I’m back in Sunnyvale after nearly four days in Phoenix. It took two hours to fly home with no time change, but it feels like I’ve gone back by about a month. I left Phoenix on a sunny spring day and arrived in San Jose in mid-winter. The Silicon Valley is at its chilly and soggy worst. Sunnyvale isn’t living up to its name. Nor is California living up to its reputation. Bad weather was never in any of the brochures I read about this place before moving here. I would sue the state for false advertising – but that would be pointless given that California is in worse financial shape than I am. The most I would get would be a 50 cents off coupon to Pinkberry. If that….
But, I digress.
The conference was generally upbeat this year, with most everyone excited about NASA’s new direction and the prospects for commercial space to grow rapidly in the coming years. The prospects for vast new multi-billion dollar space industries and vistas for exploration are tantalizing if Congress approves Barack Obama’s space plans and NASA – and the commercial space industry – can execute on them. How to do so was the main theme that ran through the three-day gathering.
There was only one major piece of news this year. Chuck Lauer announced Rocketplane Global’s intention to emerge from its finances-free hibernation to fly suborbital flights from Cecil Field in Florida. Money to build the company’s XP vehicle would be financed as part of the development of a theme park-style visitors center at the former naval air station. Lauer said he expects to be able to announce financing within weeks.
It’s a pretty interesting idea. Bring the spaceport to the tourists instead of the other way around. The flights become a high-end service around which other affordable attractions are built. As cool as Spaceport America may be, it is in the middle of the desert. If you’re paying $200,000 for a flight, you may not care. As prices drop, however, the wealthy might want to combine it with a vacation for the family. Why not Florida? Why not Orlando? An affordable vehicle with powered descent could conceivably operate from anywhere. It doesn’t have to land on its first and only attempt.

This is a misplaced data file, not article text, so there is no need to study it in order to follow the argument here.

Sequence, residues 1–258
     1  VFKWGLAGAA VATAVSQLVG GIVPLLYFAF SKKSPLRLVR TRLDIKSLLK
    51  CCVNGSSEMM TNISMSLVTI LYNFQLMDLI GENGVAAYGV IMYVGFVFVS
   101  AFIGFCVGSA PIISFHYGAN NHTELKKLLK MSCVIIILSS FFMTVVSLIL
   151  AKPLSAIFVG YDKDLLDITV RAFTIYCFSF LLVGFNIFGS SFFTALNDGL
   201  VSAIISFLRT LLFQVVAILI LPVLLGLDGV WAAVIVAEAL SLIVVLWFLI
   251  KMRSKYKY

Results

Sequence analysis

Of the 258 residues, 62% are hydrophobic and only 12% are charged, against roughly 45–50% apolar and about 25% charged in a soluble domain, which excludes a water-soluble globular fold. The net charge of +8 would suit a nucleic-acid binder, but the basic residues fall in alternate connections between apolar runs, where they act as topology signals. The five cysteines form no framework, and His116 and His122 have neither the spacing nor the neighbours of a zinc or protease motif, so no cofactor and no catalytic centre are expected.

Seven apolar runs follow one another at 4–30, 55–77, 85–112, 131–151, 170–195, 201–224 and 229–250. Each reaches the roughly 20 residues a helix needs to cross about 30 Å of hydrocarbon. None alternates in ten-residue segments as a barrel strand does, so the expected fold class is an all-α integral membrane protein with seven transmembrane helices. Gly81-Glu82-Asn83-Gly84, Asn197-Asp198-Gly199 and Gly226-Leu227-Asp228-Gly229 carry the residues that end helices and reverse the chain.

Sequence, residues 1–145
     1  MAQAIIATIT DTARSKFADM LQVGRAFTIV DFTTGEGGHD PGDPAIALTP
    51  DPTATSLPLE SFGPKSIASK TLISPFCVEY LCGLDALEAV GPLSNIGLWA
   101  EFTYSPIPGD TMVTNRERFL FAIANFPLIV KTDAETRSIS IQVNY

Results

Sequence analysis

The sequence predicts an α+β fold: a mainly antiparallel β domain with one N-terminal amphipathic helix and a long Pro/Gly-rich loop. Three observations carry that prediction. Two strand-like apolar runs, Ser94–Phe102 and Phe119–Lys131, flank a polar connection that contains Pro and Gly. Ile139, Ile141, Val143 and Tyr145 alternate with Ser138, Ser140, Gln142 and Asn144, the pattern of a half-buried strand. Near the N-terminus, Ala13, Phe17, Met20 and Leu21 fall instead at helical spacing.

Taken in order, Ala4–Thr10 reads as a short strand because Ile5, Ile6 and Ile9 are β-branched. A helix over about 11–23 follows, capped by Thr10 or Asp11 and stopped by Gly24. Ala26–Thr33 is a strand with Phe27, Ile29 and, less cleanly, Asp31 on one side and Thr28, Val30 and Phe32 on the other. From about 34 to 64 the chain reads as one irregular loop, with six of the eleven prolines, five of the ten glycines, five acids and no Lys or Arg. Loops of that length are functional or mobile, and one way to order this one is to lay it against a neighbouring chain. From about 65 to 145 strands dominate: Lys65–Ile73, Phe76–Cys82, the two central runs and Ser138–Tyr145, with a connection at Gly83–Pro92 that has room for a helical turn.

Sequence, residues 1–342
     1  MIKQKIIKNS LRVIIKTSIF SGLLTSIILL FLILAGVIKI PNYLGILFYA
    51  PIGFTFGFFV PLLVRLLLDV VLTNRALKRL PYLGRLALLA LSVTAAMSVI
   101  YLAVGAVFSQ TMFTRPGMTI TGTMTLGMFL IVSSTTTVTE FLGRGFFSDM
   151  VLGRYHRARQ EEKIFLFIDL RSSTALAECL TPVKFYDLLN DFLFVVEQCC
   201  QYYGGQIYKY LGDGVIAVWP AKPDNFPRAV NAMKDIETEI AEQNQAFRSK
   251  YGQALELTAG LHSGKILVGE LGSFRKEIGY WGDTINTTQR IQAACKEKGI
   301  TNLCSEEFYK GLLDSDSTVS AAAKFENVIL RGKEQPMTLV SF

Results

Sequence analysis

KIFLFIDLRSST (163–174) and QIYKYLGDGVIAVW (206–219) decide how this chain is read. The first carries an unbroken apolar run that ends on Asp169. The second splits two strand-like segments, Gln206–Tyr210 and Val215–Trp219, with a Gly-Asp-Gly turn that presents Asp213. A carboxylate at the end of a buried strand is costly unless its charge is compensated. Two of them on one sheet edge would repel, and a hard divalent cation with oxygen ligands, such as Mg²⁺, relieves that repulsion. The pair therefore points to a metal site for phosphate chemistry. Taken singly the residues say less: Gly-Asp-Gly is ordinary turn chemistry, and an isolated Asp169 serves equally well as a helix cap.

Lauer’s announcement was met with eye rolling and disbelief by some of the attendees, who privately questioned whether Rocketplane has the business and technological acumen to pull the project off. The company’s appetite has always exceeded its ability to find sufficient sustenance and execute on its priorities. Skeptics think that history will repeat itself. Time will tell.
My favorite speaker was Jane Poynter of Paragon SDC, who had driven up the highway from Tuscon to update everyone on the many diverse projects her company is working on. From new spacesuits and space station life support to lunar greenhouses, Paragon is positioning itself as the go-to supplier for both NewSpace and government agencies. It’s been one of those smaller companies that has flown largely under the radar.
It was not just what Paragon was doing but how Jane presented it. She described her projects in a loud, enthusiastic voice that contrasted sharply from the large group of mostly white male speakers who spoke in low engineering monotones. Commercial space…drone drone drone….funding….drone drone…billion dollar industry…drone drone drone..propellant depots….
I exaggerate…but not by much. And yes, I’m equally guilty of the same.
The funniest moment for me occurred not in a session but out by the swimming pool. There sitting on a table sat Tim Pickens’ laptop, upside down with all of its removable parts scattered around it. I immediately thought back to The Empire Strikes Back when Lando spots the mangled C-3PO, which had been blasted to pieces by Imperial Storm Troopers.
LANDO: Having trouble with you droid?
HAN: No. No problem. Why?
I used Lando’s line, hoping someone would respond with Han’s quip. No one did. It turns out that right before his presentation on Saturday, Tim had spilled an entire cup of coffee onto the laptop, which promptly shut down. As a result, Tim lost all of his slides and ended up giving off-the-cuff remarks. The last I heard, he was cautiously optimistic about the laptop’s prognosis.
Overall, it was a fun time in Phoenix. A special thanks to Henry Vanderbilt for organizing the conference. It’s a big effort, and he should be rightly pleased with the result. A special thanks for Henry for putting me on the World Space Panel with Clark Lindsey, Dave Salt and Henry Spencer. We tried our best to cover all the commercial things going on outside the U.S. in the forty minutes we had. I hope those who were there found it enlightening.